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A look back at Nicolas Cage’s unbearable weight of massive talent

Nicolas Cage plays himself - multiple times - in The Unbearable Weight Of Massive Talent.

Nicolas Cage plays himself – multiple times – in The Unbearable Weight Of Massive Talent.
photo: lion gate

In The unbearable weight of massive talent, Nicolas Cage makes out with himself. Literally.

This will not only tell you if you are the target audience for The unbearable weight of massive talent, but it should be more than enough to urge you to pre-book your ticket before you finish reading this sentence. This is a movie for the person who has bookmarked YouTube clips of Cage shouting the alphabet at The Kiss of the Vampire. Who drops “NOT THE BEES!”? in conversations whether it is relevant or not. And who has at least thought of ordering pajamas that have Cage’s face excited when a website offers them online? You will feel seen.

Considering how many mediocre movie fans have made their way to be considered a Cage completist, The unbearable weight of massive talent is a well deserved reward. pay the ghost could refute the actor’s claim that he’s never called at a performance, and left behind may live up to its title, but director Tom Gormican and co-writer and executive producer Kevin Etten deliver the ultimate Cage experience, with the possible exception of Bad Lieutenant: Port of call New Orleans, which may never be surpassed. This is the best possible version of one of those direct-to-video movies and everything a fan of Cage could want.

How that might play out for more casual Cage fans who mostly know him from stuff like leave Las Vegas and moonstruck remains to be seen. But as a meta comment on fandom in general, it’s refreshing to see a superfan who looks more like Pedro Pascal than The simpsons‘ Comic Book Guy, especially in a world where so-called “geek” franchises are popular war of stars and Marvel are loved by a wide cross section of society.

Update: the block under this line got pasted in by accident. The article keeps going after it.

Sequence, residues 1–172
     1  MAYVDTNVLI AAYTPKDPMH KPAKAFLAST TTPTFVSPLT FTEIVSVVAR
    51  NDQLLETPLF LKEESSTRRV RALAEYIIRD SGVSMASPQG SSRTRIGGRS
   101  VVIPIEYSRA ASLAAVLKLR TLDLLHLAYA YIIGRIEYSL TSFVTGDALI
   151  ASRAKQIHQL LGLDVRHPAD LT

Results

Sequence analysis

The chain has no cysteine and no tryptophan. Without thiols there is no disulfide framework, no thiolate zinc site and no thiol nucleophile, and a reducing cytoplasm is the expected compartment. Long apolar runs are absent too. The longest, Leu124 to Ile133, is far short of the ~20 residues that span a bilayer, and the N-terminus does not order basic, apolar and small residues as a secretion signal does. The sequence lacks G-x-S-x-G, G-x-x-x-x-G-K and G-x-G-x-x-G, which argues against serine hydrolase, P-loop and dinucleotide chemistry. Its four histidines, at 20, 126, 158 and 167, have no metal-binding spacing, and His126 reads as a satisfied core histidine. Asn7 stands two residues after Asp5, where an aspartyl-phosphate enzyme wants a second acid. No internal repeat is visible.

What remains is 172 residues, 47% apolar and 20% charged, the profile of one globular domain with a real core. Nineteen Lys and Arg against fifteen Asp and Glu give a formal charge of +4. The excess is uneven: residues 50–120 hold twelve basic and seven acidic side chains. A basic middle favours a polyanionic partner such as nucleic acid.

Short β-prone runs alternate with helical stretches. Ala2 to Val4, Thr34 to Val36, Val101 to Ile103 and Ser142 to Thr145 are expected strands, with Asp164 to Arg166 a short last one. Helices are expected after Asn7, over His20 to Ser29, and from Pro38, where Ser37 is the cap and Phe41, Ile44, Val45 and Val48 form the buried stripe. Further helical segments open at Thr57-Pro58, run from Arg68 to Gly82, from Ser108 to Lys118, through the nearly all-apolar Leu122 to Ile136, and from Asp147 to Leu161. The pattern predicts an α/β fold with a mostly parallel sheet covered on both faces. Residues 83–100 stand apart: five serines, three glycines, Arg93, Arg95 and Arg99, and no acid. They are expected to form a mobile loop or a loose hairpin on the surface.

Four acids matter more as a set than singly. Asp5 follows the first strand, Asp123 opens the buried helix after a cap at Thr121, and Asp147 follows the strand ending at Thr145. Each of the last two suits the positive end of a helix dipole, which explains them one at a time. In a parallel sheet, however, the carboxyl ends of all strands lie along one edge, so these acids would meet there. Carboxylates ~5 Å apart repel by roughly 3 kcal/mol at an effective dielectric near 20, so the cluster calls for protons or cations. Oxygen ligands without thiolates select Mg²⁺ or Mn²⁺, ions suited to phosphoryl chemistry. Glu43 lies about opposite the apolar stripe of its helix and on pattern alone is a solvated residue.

The real Nicolas Cage is said to be quite shy. The cage in which appears The unbearable weight of massive talent is loud, garrulous, and narcissistic, with a career in decline and estranged relationships with wife Olivia (Sharon Horgan) and daughter Addy (Lily Sheen). The child of Michael Sheen and Kate Beckinsale, Sheen has real-life experiences as a celebrity daughter, but the creation of this fictional family alleviates potential copyright issues for Cage’s real-life ones, as his own child is named after DC’s First Son of Krypton, Kal-. El.

Depressed, drunk and about to quit acting, Cage accepts an offer worth millions to attend a wealthy fan’s birthday party in Mallorca. Javi (Pedro Pascal) hopes Cage will like his script and star in a movie with him, but their fast-paced friendship is shaken when it emerges that the superfan is the head of a big crime family, complete with a kidnapped girl who hidden in his fortress-like compound. Two CIA agents played by Tiffany Haddish and Ike Barinholtz (reunion from The oath)use Cage’s paternal guilt to force him to spy for them.

As an excuse to spy longer, Cage convinces Javi to collaborate on a new script that unsurprisingly mirrors the film viewers are watching. It’s a skillful riff adjustmentespecially since the actor again plays two roles – the “today’s” Cage and the young “Nicky” from his Wild at heart Era appearing as a hallucination to admonish his present self.

Gormican and Etten’s knowledge of Cage is detailed enough for the film to repeatedly drop phrases like “Nouveau Shamanic,” a term he used in real life to describe his acting technique. Of course, they favor the jittery, bellowing Cage over his more reserved alter egos, leaving Pascal to take care of the more human moments. In fact, Javi proves so lovable that the filmmakers may give him a pass for some of his bad behavior, but they follow him with a twist that justifies the choice.

If the film were only unforgettable moments, it could run out of steam, even when Cage delivers them practically non-stop. Thankfully, there’s an actual plot that allows everyone else (and the movie as a whole) to spoof less Cage-specific tropes. At the same time, by idolizing Cage’s nouveau-shamanic style—as he is—the film even takes time to poke fun at method acting, while casting a bit of a shadow over actors like Jared Leto, who swear by the practice.

Giving Cage a scolding Irish ex-wife is a good choice, and Horgan not only serves up righteous authenticity, but occasionally outdoes him with a well-placed “fookin’ Jaysus!” However, none of his co-stars can take his inevitably insta-viral Topping the signature line, “Nic FUCKIIIIIIIIIIIIIIIIIIIIIIIIIIIING Cage,” which he screams with just as much unique, unforgettable intensity as you’d expect.

Again, that’s probably all you need to hear. But while metatextual storytelling sometimes feels a little too much like filmmakers chasing their own tail, The unbearable weight of massive talent offers viewers a unique and welcome alternative: Nicolas Cage sticking a little tongue.

https://www.avclub.com/unbearable-weight-massive-talent-review-nicolas-cage-1848771806 A look back at Nicolas Cage’s unbearable weight of massive talent

Andrew Schnitker

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